For Henckel von Donnersmarck, they were the perfect leads for this film. "They're great movie stars, but more than that, they are great actors, and I wanted to give them roles in which they could really show what they can do. Elise is charming and delicate and feminine and strong, all at the same time; Frank is winning and charming and funny, just like Johnny is in real life.”

"Having either Angelina Jolie or Johnny Depp in this film would have been extraordinary, but the pair together is that perfect combination you dream about but rarely, if ever, happens,” says co-screenwriter Julian Fellowes.

In The Tourist, Jolie plays Elise Ward, the paramour of the criminal Alexander Pearce, who has disappeared. "There are a lot of people looking for him,” says Jolie. "He's stolen a lot of money from a gangster. The gangster wants revenge – and his money back – and the British want him for the taxes on the money he stole. Everyone's looking for him, including Elise, who hasn't seen him for a long time and isn't quite sure when he'll turn up again.”

Playing off rumors that he has drastically altered his appearance, Pearce gets word to Elise: get on a certain train for Venice, choose a stranger of approximately Pearce's height and build, and make everyone else believe that man is Pearce. She chooses the American math teacher Frank Tupelo (Johnny Depp), who's headed to Venice to try to mend a broken heart. "She throws him into an adventure he's not prepared for,” Jolie adds.

Of course, not everything goes according to Elise's plan. "Imagine a woman who is elegant, sophisticated, and educated, who falls for a guy who is not any of those things,” says Henckel von Donnersmarck. "She has this grand master plan, and falling for him was not meant to happen.”

"I wanted this to be a thriller that was simply a fun time at the movies,” says King. "Two extraordinary actors, with amazing chemistry, set in an exotic, bigger-than-life location. Who wouldn't want to go on an adventure in Paris and Venice with Angelina and Johnny?”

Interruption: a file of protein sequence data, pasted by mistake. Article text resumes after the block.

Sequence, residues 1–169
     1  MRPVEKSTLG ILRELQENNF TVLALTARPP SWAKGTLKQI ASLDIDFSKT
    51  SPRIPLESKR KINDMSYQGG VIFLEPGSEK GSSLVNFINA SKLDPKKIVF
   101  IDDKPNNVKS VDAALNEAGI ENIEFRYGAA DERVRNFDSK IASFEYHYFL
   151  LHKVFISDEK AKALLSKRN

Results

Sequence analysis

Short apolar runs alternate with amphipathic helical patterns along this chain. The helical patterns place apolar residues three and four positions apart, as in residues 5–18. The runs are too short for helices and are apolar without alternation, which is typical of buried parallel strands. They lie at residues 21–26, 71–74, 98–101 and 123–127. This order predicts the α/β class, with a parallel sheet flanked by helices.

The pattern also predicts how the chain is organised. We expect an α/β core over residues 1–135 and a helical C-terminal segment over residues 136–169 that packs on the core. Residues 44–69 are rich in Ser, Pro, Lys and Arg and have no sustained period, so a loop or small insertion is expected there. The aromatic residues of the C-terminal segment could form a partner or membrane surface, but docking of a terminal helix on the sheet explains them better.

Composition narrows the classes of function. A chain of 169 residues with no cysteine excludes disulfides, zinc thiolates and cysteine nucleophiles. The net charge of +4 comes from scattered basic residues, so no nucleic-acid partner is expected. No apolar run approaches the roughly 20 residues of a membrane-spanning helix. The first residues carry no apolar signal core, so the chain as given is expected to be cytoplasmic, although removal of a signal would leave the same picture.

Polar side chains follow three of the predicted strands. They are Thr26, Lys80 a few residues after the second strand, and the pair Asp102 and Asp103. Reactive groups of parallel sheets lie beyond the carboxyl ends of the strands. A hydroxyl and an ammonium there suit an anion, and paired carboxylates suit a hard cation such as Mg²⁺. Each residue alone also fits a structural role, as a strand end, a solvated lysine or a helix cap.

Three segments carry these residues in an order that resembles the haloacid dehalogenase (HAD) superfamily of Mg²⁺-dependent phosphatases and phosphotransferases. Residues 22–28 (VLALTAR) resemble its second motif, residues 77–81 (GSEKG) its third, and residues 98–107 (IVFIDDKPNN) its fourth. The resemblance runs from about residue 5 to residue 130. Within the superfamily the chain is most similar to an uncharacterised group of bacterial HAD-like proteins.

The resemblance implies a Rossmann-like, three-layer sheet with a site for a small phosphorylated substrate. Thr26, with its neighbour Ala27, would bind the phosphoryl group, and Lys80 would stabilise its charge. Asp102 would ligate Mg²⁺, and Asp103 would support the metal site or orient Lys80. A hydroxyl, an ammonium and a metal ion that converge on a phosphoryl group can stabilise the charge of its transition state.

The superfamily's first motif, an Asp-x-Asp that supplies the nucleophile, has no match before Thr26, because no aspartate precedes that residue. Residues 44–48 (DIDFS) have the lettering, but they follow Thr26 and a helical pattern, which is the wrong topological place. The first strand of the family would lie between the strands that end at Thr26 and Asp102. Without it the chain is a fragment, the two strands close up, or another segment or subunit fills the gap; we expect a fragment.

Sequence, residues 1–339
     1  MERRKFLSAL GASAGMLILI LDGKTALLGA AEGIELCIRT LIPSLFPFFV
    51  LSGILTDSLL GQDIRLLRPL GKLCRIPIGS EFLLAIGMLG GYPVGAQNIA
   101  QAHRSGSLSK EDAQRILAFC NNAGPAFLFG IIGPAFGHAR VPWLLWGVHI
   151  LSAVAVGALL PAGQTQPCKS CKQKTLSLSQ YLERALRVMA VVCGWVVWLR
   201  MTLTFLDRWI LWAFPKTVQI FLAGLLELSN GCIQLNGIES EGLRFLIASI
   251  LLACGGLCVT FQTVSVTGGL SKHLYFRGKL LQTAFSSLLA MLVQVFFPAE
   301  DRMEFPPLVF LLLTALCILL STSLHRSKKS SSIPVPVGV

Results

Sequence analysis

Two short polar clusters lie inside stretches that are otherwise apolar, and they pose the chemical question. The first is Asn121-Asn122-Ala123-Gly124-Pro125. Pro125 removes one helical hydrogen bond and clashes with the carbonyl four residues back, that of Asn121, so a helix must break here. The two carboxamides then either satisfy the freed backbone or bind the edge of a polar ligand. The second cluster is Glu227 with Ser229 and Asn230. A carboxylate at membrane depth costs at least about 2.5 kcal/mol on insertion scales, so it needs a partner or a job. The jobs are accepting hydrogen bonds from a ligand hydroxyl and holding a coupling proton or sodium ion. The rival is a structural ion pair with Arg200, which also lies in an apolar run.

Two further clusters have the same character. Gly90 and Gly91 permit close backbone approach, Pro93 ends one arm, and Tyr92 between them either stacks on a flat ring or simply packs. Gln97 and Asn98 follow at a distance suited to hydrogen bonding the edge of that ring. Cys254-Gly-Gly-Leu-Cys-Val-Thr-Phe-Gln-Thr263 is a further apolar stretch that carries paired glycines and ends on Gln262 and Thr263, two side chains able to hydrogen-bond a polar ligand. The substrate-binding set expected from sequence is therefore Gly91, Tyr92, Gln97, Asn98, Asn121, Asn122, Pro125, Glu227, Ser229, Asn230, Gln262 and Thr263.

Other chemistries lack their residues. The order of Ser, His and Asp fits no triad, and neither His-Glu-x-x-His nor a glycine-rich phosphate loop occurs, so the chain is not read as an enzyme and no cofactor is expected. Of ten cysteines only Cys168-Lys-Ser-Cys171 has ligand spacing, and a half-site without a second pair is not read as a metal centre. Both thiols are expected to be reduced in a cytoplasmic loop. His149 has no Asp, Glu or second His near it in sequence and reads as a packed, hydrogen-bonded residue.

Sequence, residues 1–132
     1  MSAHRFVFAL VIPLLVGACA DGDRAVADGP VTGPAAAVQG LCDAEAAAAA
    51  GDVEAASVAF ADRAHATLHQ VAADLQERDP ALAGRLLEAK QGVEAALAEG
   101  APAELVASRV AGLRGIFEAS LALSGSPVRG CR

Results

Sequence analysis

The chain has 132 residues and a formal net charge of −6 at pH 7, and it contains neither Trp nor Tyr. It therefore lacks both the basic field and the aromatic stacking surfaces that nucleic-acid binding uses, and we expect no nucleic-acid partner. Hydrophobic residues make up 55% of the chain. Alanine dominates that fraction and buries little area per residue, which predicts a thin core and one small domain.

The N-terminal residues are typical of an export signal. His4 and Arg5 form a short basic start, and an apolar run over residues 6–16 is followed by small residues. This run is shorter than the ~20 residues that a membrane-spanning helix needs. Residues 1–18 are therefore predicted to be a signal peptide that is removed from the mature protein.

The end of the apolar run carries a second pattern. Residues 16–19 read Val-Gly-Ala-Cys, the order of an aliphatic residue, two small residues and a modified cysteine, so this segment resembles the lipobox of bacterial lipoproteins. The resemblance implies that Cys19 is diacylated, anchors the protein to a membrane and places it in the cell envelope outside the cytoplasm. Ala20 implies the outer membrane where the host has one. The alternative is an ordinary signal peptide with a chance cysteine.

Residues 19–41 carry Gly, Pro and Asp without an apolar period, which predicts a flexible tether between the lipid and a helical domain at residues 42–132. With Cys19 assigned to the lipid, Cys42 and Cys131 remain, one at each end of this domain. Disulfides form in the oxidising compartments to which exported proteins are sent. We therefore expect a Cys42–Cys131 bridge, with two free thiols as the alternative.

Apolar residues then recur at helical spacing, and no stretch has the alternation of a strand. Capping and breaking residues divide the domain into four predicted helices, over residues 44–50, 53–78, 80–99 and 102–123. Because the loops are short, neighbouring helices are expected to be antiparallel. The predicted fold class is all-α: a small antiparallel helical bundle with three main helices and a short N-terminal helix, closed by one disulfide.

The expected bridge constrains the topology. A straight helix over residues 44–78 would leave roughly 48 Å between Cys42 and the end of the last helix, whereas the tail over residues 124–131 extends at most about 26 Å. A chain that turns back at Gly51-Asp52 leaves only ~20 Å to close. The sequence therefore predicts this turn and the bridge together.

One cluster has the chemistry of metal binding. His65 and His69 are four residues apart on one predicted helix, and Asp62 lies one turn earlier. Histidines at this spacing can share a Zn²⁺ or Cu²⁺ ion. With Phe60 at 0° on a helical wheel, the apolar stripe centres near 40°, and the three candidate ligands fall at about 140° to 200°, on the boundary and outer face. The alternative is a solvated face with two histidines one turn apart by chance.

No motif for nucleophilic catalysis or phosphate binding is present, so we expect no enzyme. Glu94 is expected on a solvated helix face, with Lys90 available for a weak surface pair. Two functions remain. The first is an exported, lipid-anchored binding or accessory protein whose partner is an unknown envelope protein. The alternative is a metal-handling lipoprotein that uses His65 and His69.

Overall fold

Depp says that he likes working with Graham King because "Graham is a renegade. He understands the rules of the game, but he doesn't necessarily adhere to them. He thrives on the risk factor, and that makes him unique. He likes a challenge, he's got great taste, and he doesn't care what other people are doing. He cares about what he believes in.”

The screenwriters set the film in Venice, which, Henckel von Donnersmarck says, lent the film its entirely unique atmosphere of beauty and danger. "Somebody once said that Kodak owed most of its revenue to Venice,” says Henckel von Donnersmarck. "In terms of art and beauty, it's the richest place in the world – there's nothing else like it. In reality, the city is sinking and falling to bits, but we wanted to show the glory of the place. We asked ourselves, how can we show the city from its best side? There are elements of the plot that are dangerous – but, thanks to Venice, not so dangerous that you might feel miserable about it.”

Production Designer Jon Hutman adds, "There is something about being there. The water, the architecture, and the history combined create something very special. What we have tried to do is take these existing visual gems and fit them into the story.”

Not only was it the right creative choice to shoot the movie in Venice, but surprisingly enough, the choice made practical sense as well. "It seems like a crazy thing for a studio or producer to allow, but we had a very limited window in which to make the movie. We didn't have time to build the Venice interiors on a soundstage. For entirely practical reasons, we had to do the unheard-of thing.”

The setting called for the film's action sequences to be striking and written especially for the city. Stunt choreographer Simon Crane – a stunt legend after working on films ranging from